This post is reblogged from my writing blog, Stefras’ Bridge.
For fifteen minutes after every lunch when I was in grade six, from her desk in the far front corner of the room, Penny Gwillim read The Hobbit and The Lord of the Rings to our class. I was already a storyteller by then, but those stories read by Penny Gwillim inspired me to write.
Tolkien populated his world with story. Every named element — person and place — had a purpose and story built into it. Every horizon hid a land beyond. Each name and land had a history and significance. This built boundless depth and breadth into Tolkien’s world. And, as these persons and places overlapped, so their purposes and stories intertwined.
Today’s post is about world building. It is about creating endless story potential by mapping instead of outlining.
My favourite Tolkien quote is this.
A story must be told or there’ll be no story, yet it is the untold stories that are most moving. I think you are moved by Celebrimbor because it conveys a sudden sense of endless untold stories: mountains seen far away, never to be climbed, distant trees (like Niggle’s) never to be approached — or if so only to become ‘near trees’ (unless in Paradise or N’s Parish).
— J.R.R. Tolkien (1945)
He also extolled, in the same letter (1945), “the heart-racking sense of the vanishing past”.
Tolkien’s underscoring of names and unexplored-places-beyond-horizons with histories and stories, to me, is a powerful way to build worlds.
Plotting and Pantsing
I am a plotter and a pantser. I typically write short stories and poems on my computer with no plotting nor sense of where the story is going, other than the steeping inspirational idea. Many of these stories and poems comprise my best writing. They sing and dance for others and me. Long stories and “important” poems I sketch, write on loose-leaf, then after several versions revise and edit further on computer.
The sketch is my tool of choice: a quick list, map or outline of places, events, scenes and characters that I typically then ignore and pants around. On the continuum of pantsing to plotting, I believe most writers do some form of sketching a little in each story. Usually I sketch after I get a good start on a story.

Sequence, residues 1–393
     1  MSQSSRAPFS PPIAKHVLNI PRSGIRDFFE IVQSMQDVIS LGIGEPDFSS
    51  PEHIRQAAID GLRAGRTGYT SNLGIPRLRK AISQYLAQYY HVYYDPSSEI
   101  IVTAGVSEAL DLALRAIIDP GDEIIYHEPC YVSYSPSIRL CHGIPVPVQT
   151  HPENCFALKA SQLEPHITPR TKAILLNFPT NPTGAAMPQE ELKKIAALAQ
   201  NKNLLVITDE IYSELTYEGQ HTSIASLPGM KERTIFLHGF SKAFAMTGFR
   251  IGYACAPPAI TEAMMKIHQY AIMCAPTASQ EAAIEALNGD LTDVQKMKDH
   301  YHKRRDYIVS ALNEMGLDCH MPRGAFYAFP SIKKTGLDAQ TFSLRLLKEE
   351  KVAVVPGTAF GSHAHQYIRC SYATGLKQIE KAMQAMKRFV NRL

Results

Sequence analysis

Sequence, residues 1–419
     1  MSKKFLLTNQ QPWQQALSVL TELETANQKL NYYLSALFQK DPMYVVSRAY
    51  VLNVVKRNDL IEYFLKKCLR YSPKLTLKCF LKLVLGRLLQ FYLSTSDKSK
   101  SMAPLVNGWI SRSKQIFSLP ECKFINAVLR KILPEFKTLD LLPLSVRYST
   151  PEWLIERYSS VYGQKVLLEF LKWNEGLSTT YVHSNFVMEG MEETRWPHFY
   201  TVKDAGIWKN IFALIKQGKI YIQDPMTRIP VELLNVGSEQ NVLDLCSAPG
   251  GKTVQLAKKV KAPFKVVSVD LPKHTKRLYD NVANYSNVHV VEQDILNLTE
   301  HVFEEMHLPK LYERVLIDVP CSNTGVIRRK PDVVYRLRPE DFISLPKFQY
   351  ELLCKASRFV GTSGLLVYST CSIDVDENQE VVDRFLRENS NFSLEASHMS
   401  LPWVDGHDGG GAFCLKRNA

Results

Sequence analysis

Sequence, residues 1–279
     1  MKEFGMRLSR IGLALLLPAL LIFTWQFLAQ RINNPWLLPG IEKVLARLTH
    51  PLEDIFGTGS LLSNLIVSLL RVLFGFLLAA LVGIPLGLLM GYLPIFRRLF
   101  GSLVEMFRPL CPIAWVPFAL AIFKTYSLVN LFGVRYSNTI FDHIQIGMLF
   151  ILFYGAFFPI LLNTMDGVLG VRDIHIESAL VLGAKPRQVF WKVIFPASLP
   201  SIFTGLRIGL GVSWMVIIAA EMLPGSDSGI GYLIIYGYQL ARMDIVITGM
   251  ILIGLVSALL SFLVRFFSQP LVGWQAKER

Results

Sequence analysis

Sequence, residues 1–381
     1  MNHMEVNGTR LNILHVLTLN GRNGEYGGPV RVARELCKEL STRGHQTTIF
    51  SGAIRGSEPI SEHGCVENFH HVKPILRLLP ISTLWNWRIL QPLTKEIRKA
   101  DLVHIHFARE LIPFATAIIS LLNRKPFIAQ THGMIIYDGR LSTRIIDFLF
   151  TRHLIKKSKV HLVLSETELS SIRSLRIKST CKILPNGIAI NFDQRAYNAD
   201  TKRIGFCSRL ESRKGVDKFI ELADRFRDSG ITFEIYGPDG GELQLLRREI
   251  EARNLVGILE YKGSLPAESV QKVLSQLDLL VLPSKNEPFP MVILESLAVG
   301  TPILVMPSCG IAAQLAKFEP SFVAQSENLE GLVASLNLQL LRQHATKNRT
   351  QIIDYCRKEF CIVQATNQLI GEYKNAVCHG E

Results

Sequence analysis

A Sudden Insight
I have been writing several unrelated magical-realism shorts over the years. I label these as fantastic folktales. They are subtle stories, with that unmistakable undercurrent of impossibility and fantastic flowing through them. They are explorations of my imagination and my craft, vents of my passion. They have different styles, different characters, different premises, nothing really connecting them.
One morning a couple of weeks ago, I woke with the idea of creating a map for one of these stories. And to this map I added the landscape of another story, then another. Suddenly, these stories all fit together. They even had a chronology to them. Further, the map and story element connections suggested several connector and origin shorts. And under them was that hidden undercurrent of overarching fantastic which suggested it own story.
It seems so obvious, with that map and the similarity of the genre of the stories, that the stories belong together, that beneath them was a larger, suggested, untold story.
Several of the stories are ready for publishing. Others need fleshing and tweaking. But this is a project I am excited to pursue. This is a book I want to write.